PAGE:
Molenwaard: the world's first digital municipality

Published on: 14/06/2016

In Molenwaard, the Netherlands, practically all municipal affairs are handled digitally, either in people’s homes or elsewhere at locations close to citizens. No physical town hall is needed any more.

Policy Context

Molenwaard is a municipality in the province of South Holland, the Netherlands. It was created on 1 January 2013 by merging the former municipalities of Graafstroom, Liesveld, and Nieuw-Lekkerland.
  In total, approximately 29,000 people reside in this new municipality, which has an area of 126 km2. During the preparations for the merger (in the period 2009–2013), the question arose of whether a new town hall was really necessary. A new town hall would cost an estimated 15 million euro, while only 3 million euro was available in the budget. As a result, the municipality decided to build a digital environment – a virtual municipality – instead of a physical town hall. The project was announced in September 2013.

Description of target users and groups

Citizens and civil servants of the municipality of Molenwaard.

Description of the way to implement the initiative

Originally, Molenwaard had experimented with a “low-budget” physical town hall; civil servants worked flexibly in temporary buildings in an industrial area. Once the digital project was ready, however, the doors of the existing town hall – such as it was – closed permanently.
Since October 1, 2014, Molenwaard has been the first municipality in the Netherlands without a permanent physical location. Instead, 80–90% of all municipal activities take place through a portal, For other issues, local government officials visit citizens at the locations they prefer. This is possible because there are only three products that require a visual authentication: passport, drivers’s licence, and identity card.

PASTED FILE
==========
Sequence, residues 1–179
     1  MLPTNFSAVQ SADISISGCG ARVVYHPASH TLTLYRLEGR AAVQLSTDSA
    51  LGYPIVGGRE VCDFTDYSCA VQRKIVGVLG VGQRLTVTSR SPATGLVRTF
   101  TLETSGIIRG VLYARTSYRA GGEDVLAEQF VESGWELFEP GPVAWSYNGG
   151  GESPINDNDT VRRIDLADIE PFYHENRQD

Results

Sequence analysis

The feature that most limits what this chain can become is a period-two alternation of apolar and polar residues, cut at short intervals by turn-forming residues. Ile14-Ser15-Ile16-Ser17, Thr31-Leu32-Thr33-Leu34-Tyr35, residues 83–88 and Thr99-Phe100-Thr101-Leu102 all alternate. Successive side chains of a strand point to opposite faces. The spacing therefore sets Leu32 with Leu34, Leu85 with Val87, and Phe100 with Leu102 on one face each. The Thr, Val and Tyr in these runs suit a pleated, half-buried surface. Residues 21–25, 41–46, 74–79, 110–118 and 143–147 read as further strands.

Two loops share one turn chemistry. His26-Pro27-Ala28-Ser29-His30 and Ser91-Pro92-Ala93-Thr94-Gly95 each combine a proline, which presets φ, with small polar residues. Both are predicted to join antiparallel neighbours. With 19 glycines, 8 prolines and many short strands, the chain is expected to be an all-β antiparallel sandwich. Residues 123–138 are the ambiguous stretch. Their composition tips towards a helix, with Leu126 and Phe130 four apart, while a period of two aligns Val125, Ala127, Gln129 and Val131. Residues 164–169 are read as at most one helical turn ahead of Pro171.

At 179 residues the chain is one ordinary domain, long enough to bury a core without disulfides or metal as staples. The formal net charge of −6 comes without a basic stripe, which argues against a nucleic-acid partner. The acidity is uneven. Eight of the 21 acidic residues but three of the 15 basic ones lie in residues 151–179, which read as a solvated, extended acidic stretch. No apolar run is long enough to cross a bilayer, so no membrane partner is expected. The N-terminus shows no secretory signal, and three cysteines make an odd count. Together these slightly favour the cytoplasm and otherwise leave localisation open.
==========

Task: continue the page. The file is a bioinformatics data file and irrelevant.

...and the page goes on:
To get the best from its digital town hall, the municipality designed the portal to be extremely simple to navigate and use. Starting at the home page, each visitor can select the reason for his or her visit, and is then led through a selection process. If they opt for an appointment, they can choose the location that suits them best. For example, passport applications are handled at six locations in the various village centres. For other services there is a wider choice of “front offices” for citizens.
  In a similar way, municipal meetings can take place in many locations. The city council can meet in a nursing home, for example, or the canteen of a sports hall or a company. Often the location is chosen depending on the subject to be discussed, so the citizens involved are more likely to attend the meeting. The same goes for the civil servants, who are able to work wherever it suits them best. They set up new flexible workplaces in vacant offices, or they can work at home or in cafés if they prefer.
  In addition, the municipality has created a specialized delivery service to make sure that passports and other documents reach people safely at their home or workplaces.

Technology solution